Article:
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The state and the subjects

Posted by Kashmir Portal on June 10, 2009

The state and the subjects
The root of the problem lies in the fact that India considers Kashmir as her colony and its people as subjects

Dr Altaf Pandit
A few weeks back I happened to be at the Indian Institute of Science (IISc), Bangalore. I saw young girls wearing jeans and T shirts (occasionally even in long black Abyas) walking lonely through dark lanes and by lanes of the Institute past mid night, exhibiting confidence, exuberance and vibrancy of life; struggling to materialize their creative potentials and for pursuing higher standards of life, enriching the society amid their personal successes and achievements, alongside with their male colleagues.

These empowered young girls enjoy the fruits of liberty and freedom guaranteed by the constitution and an environment of protection and security the state is committed to provide to all its citizens, irrespective of the bias of gender, race, religion or ideology. That exhilarating peace of life and secure environment makes one feel envious.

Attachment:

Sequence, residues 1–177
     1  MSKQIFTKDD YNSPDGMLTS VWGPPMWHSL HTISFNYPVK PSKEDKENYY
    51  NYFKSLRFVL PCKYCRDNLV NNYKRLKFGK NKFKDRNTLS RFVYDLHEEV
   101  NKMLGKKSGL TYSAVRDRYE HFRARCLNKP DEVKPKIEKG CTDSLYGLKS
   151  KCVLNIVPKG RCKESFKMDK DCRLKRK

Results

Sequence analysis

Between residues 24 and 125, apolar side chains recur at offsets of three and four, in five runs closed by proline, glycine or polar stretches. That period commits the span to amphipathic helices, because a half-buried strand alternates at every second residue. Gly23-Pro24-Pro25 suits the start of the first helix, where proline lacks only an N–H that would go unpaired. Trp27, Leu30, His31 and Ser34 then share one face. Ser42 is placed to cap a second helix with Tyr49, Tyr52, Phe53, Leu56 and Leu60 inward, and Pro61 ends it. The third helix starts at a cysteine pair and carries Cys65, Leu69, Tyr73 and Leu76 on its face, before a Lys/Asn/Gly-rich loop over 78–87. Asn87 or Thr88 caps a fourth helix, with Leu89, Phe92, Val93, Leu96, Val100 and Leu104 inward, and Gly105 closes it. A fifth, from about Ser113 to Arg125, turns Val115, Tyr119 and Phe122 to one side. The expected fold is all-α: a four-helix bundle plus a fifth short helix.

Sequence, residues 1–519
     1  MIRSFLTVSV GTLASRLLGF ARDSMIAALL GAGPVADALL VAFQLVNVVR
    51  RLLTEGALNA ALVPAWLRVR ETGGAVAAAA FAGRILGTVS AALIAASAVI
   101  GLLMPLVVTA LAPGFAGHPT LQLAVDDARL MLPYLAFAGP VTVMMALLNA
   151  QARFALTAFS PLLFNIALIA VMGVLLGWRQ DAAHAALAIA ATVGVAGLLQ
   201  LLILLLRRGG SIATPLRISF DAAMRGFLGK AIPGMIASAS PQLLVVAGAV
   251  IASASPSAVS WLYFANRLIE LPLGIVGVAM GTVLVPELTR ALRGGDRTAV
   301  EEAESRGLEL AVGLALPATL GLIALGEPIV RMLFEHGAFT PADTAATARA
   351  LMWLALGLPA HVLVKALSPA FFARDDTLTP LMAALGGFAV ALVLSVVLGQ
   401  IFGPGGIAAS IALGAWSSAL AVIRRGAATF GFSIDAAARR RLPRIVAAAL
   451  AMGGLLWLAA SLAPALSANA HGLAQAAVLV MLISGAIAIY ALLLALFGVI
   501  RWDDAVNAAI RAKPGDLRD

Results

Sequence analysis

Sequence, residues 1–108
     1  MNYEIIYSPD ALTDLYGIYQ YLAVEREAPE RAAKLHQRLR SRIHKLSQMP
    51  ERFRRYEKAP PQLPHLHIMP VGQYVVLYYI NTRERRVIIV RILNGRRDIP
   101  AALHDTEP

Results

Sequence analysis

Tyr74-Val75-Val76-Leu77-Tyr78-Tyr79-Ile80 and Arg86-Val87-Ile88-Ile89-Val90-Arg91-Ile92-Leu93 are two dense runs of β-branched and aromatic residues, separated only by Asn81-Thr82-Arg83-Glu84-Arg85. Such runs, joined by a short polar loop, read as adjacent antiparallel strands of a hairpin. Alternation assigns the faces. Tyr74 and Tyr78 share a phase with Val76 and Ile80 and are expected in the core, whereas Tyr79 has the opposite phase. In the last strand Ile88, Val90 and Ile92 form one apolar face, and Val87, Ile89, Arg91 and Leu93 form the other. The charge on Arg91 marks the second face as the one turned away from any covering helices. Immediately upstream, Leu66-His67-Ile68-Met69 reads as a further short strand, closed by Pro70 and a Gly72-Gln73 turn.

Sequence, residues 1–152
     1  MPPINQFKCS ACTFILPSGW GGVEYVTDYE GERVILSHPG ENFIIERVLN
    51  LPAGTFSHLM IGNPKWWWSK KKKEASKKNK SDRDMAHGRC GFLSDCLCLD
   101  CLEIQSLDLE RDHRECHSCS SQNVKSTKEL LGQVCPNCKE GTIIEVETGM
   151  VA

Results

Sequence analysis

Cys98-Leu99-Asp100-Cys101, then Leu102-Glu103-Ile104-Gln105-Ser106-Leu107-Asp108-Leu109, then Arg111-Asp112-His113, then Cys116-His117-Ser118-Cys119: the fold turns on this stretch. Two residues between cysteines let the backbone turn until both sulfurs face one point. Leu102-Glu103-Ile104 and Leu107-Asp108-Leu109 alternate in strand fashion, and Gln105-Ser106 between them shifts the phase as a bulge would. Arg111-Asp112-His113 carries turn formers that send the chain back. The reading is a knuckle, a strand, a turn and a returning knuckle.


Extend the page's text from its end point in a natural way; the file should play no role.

Back home, every passing day brings with it a new story of crime and cruelty against our women folk. Not to speak of night, it has become difficult for our young girls to venture out in broad day light, without an escort. The recent gruesome murder and rape of two young girls , 17 year Asiya Jan and her three month pregnant sister-in –law Neelofar, in Shopian, has sent shiver down our spine. We observed strikes and the protests rocked the entire valley for a week. The CM ordered judicial inquiry and promised action against the perpetrators of this barbaric murder, irrespective of their affiliation with any of the ‘Security Forces’ (Though it is doubtful whether his jurisdiction extends to punishing the Indian Security Force personnel in case their involvement is proved, as they enjoy special immunity under Armed Forces Special Powers Act) . But the matter does not end here. We have been witnessing such crimes against women for decades now. The question is not only about investigating the circumstances leading to the death or murder of the two girls or of fixing responsibility. Neither is it only about letting public know who the killers are; the CRPF personnel as alleged by the parents of the victims or someone else. Neither is it only about relocating a CRPF or an army camp from one civilian population to another, as has been done in earlier cases; the maximum possible punishment for killing innocent civilians in Kashmir. The real matter which is the cause of worry is that a set of circumstances have been placed in order wherein such heinous crimes against women in particular and all citizens in general has become a routine issue. The quality of life we are condemned to live has degraded beyond limits and this pathetic state of affairs seems endless. It is no exaggerating the facts that in the ultimate analysis it is the state which emerges responsible thoroughly for sustaining such a set of circumstances, deliberately to strength the control of state organs over powerless people. For decades our women folk suffered and were deliberately targeted as a part of war game on both sides of the fence. Rape, molestation, imprisonment – physical and psychological abuse of women was used as weapon of warfare. Now, when the war is seemingly over, what are the different groups of armed forces doing there in villages, streets and in the immediate neighborhood of civilian population? Controlling the ordinary people! Restricting them from breathing freely? And when armed rebellion is over and militant power has almost vanished, why these crimes? To declare Victory! To convey the message “we are in control, we can do whatever we want with our subjects?”.